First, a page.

TWO MONTHS AFTER a British grandmother became the first person in the world to receive an approved vaccine, shortfalls are plaguing production and distribution facilities in Europe and North America. Production involves two steps: making the actual vaccine and placing it in vials. For the AstraZeneca vaccine—the vaccine of choice in places like Africa because it only requires refrigeration, not the sub-zero conditions necessary for others—each step can take up to 60 days. Company officials in Europe say they are struggling to complete the first step in quantity.
Forecasters continue to believe that most developed nations will reach mass COVID-19 immunization by the end of this year. But they have downgraded expectations for 84 poor countries, saying most will not achieve mass immunity until late 2022 or even 2023.
South Africa is paying $5.25 per dose—more than twice as much as EU countries reportedly paid AstraZeneca at $2.19 per dose.
That leaves exposed some of the most heavily populated parts of the world, and some of the most restive. Pakistan, Afghanistan, Iran, and Syria are countries likely waiting more than a year for vaccine doses.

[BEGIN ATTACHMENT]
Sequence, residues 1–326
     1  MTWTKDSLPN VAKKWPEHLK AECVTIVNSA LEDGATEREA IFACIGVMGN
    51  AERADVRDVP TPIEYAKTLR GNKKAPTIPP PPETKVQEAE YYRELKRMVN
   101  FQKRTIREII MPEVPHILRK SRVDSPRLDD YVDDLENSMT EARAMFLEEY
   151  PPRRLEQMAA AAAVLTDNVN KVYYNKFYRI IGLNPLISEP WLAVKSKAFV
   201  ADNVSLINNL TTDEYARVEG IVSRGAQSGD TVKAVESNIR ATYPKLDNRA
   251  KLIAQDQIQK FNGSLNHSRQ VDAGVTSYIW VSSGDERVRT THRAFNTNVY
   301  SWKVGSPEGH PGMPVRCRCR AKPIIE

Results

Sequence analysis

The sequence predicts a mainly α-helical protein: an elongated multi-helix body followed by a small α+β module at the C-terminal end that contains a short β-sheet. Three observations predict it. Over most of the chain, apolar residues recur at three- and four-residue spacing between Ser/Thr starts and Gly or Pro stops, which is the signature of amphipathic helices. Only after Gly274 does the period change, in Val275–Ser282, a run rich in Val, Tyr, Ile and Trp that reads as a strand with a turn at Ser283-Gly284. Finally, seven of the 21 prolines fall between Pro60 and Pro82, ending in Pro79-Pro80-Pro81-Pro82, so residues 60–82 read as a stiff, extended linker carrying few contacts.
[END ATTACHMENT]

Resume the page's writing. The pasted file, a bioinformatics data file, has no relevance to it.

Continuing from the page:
In South America, only Argentina, Chile, and Brazil have vaccination programs underway. Bolivia, Peru, Colombia, and Ecuador could be a year or more away from vaccination coverage, yet are among the countries experiencing some of the highest COVID-19 death rates in the world.
In Africa, only five of 54 countries are likely to see vaccines this year: South Africa, Morocco, Seychelles, Egypt, and Guinea. Apart from clinical trials, only 25 people in all of sub-Saharan Africa had received a COVID-19 vaccine by Feb. 1, according to the World Health Organization (WHO).
Fearing production shortfalls for their own countries, European leaders in late January imposed export restrictions on the Serum Institute of India, the largest vaccine manufacturer in the world and maker of the vaccine developed jointly by AstraZeneca with Oxford University. At the same time, press reports revealed South Africa was paying $5.25 per dose—more than twice as much as EU countries reportedly paid AstraZeneca at $2.19 per dose. That’s after South Africa agreed last year to host clinical trials for the vaccine in a bid to bring down costs.